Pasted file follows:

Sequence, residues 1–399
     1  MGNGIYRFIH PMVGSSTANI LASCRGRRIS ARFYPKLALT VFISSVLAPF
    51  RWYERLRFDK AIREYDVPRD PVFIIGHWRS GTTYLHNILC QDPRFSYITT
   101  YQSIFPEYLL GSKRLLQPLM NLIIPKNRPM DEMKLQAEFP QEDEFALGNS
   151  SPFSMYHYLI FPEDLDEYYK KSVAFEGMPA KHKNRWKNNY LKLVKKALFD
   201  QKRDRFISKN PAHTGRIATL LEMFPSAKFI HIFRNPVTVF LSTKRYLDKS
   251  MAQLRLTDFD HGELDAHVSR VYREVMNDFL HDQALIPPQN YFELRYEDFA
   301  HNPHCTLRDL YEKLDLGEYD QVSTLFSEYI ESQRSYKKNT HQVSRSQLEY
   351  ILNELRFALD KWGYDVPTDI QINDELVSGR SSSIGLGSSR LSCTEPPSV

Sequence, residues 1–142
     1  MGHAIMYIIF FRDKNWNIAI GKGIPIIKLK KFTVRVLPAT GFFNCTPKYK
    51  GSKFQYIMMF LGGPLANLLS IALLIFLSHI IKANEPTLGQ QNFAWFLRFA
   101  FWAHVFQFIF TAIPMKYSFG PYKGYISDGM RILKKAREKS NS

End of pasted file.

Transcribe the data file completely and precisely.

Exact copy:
Sequence, residues 1–399
     1  MGNGIYRFIH PMVGSSTANI LASCRGRRIS ARFYPKLALT VFISSVLAPF
    51  RWYERLRFDK AIREYDVPRD PVFIIGHWRS GTTYLHNILC QDPRFSYITT
   101  YQSIFPEYLL GSKRLLQPLM NLIIPKNRPM DEMKLQAEFP QEDEFALGNS
   151  SPFSMYHYLI FPEDLDEYYK KSVAFEGMPA KHKNRWKNNY LKLVKKALFD
   201  QKRDRFISKN PAHTGRIATL LEMFPSAKFI HIFRNPVTVF LSTKRYLDKS
   251  MAQLRLTDFD HGELDAHVSR VYREVMNDFL HDQALIPPQN YFELRYEDFA
   301  HNPHCTLRDL YEKLDLGEYD QVSTLFSEYI ESQRSYKKNT HQVSRSQLEY
   351  ILNELRFALD KWGYDVPTDI QINDELVSGR SSSIGLGSSR LSCTEPPSV

Sequence, residues 1–142
     1  MGHAIMYIIF FRDKNWNIAI GKGIPIIKLK KFTVRVLPAT GFFNCTPKYK
    51  GSKFQYIMMF LGGPLANLLS IALLIFLSHI IKANEPTLGQ QNFAWFLRFA
   101  FWAHVFQFIF TAIPMKYSFG PYKGYISDGM RILKKAREKS NS